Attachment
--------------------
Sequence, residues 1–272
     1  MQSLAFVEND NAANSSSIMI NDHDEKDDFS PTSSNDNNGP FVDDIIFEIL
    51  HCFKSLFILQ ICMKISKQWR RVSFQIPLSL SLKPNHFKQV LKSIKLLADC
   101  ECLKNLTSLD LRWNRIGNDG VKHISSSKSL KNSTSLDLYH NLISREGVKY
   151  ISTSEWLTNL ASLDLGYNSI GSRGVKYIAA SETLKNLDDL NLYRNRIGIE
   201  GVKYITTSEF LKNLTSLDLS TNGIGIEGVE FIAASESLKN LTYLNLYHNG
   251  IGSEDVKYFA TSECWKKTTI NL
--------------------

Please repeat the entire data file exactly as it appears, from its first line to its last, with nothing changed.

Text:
Sequence, residues 1–272
     1  MQSLAFVEND NAANSSSIMI NDHDEKDDFS PTSSNDNNGP FVDDIIFEIL
    51  HCFKSLFILQ ICMKISKQWR RVSFQIPLSL SLKPNHFKQV LKSIKLLADC
   101  ECLKNLTSLD LRWNRIGNDG VKHISSSKSL KNSTSLDLYH NLISREGVKY
   151  ISTSEWLTNL ASLDLGYNSI GSRGVKYIAA SETLKNLDDL NLYRNRIGIE
   201  GVKYITTSEF LKNLTSLDLS TNGIGIEGVE FIAASESLKN LTYLNLYHNG
   251  IGSEDVKYFA TSECWKKTTI NL